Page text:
Volunteer groups across Scotland are being encouraged to apply for a share of a new grant fund to help support the set-up of community shed spaces.
Sheds are community workshop spaces where people can come together to take part in practical skills and activities.
They are designed and run by their members and provide opportunities for people to share tools, resources and skills in order to create, learn and develop social networks.
Older people’s charity Royal Voluntary Service (RVS), with funding from the Asda Foundation, has established a Sheds Grant Fund to provide small scale funding to sheds who are looking for help with either set up, or early stage development costs.
The sheds programme makes a real difference at a grassroots level
Jo Phillips, sheds project manager at RVS, said: “Shed activities often involve traditional crafts such as joinery, furniture renovation, metal work and mechanics, but each shed meets the interests of its members and many now are developing a broader range of activities such as gardening, model making, photography or renovation.
“We are delighted to be able to set up this grant fund to give a helping hand to local communities and enable more local community based sheds to get up and running across Scotland.”
Julie Ward, manager of the Asda Foundation, said: “The Asda Foundation is one of the many ways we can give something back to our local communities. That’s why we lend a hand to a wide range of good causes with which our colleagues are involved with, sharing their passion and helping to make a difference through a variety of projects across the UK.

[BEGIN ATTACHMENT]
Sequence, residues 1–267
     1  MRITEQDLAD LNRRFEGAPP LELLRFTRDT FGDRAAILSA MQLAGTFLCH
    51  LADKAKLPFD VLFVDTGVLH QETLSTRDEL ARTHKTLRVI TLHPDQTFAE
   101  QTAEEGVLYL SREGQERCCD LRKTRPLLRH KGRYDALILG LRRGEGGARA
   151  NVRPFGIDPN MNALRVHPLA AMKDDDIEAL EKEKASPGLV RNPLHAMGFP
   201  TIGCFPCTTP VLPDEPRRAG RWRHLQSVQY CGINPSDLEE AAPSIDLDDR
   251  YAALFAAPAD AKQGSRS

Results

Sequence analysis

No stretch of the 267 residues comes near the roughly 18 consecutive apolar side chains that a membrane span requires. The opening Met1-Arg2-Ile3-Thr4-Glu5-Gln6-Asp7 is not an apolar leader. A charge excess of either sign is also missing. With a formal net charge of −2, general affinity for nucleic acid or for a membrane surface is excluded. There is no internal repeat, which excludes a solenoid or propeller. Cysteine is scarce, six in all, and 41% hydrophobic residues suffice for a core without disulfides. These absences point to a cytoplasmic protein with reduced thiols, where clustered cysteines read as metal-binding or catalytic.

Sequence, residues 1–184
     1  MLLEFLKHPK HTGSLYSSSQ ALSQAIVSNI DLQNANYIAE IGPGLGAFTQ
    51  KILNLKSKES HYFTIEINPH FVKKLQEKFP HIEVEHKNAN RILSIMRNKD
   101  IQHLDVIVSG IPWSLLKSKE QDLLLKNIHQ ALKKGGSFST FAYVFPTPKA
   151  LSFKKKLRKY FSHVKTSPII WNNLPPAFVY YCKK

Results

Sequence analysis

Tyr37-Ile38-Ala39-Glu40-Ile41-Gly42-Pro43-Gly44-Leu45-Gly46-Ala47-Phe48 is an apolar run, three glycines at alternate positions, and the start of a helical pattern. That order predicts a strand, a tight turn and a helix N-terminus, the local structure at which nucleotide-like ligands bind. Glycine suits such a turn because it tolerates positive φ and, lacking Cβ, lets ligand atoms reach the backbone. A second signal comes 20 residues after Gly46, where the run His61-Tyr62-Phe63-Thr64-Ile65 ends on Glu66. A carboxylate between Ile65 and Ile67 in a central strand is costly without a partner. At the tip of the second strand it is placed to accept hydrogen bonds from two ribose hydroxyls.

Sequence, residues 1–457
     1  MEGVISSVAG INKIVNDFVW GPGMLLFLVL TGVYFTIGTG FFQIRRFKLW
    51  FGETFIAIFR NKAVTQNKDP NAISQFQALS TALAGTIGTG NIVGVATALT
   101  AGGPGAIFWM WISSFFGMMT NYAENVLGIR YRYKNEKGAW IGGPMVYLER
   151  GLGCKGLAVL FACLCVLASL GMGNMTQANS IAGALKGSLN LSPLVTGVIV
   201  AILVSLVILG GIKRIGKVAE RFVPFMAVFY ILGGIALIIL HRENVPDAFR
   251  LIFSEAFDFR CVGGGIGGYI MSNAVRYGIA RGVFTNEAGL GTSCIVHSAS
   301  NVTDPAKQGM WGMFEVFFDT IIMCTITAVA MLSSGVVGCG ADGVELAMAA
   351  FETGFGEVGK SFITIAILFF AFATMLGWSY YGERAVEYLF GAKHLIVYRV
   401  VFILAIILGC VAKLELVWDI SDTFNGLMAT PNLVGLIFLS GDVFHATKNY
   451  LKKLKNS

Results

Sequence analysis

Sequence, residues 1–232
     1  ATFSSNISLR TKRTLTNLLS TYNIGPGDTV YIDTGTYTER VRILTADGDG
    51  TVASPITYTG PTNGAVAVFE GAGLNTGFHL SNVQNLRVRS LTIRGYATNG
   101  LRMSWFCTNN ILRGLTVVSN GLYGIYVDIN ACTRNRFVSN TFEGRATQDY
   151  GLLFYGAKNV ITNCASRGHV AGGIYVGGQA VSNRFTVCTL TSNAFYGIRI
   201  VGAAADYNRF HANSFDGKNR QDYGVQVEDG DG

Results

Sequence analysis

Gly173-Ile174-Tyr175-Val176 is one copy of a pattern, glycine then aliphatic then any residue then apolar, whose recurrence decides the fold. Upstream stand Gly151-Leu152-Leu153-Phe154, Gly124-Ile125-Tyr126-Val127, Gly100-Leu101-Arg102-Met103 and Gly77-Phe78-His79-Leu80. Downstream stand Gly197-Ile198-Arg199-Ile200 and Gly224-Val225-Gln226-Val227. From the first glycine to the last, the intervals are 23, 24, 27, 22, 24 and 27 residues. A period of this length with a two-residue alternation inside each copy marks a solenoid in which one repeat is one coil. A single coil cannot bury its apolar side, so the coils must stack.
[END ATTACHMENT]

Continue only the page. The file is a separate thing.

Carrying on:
“We see the sheds programme as making a real difference at a grassroots level and are proud to support this initiative.”
The shed movement follows a blueprint from an Australian project and since the first men’s shed opened in the UK six years ago.
There are now over 300, with three new sheds on average opening a week. Sheds are often places for older men to come together and work on either individual or community projects – but are now increasingly seeing younger men and women getting involved and benefitting from the social interaction and skill sharing that are at their heart.
Jason Schroeder, chairman of the Scottish Men’s Sheds Association, said: “We are thrilled that by working together with our national partners we can support this kind of initiative to help benefit individuals, their families, communities and the Scottish Men’s Shed movement in Scotland.”
Grants of between £250 and £1,000 are available from the fund – with applicants encouraged to apply for some of the tools and equipment they need for their activities or ongoing costs such as help with their rent or insurance.
All applications need to come from constituted community groups and must be submitted by the deadline of Sunday, 3 July to be considered.
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